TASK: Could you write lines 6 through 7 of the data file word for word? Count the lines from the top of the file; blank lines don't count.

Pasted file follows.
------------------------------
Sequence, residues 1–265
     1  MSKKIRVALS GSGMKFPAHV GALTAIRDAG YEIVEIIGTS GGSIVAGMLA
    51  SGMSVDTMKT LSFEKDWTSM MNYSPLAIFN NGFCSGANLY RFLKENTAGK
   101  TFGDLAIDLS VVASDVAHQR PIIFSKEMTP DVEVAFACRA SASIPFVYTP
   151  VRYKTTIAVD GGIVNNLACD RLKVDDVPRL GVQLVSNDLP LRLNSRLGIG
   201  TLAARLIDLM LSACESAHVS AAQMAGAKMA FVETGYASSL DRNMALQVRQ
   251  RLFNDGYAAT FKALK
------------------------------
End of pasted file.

   201  TLAARLIDLM LSACESAHVS AAQMAGAKMA FVETGYASSL DRNMALQVRQ
   251  RLFNDGYAAT FKALK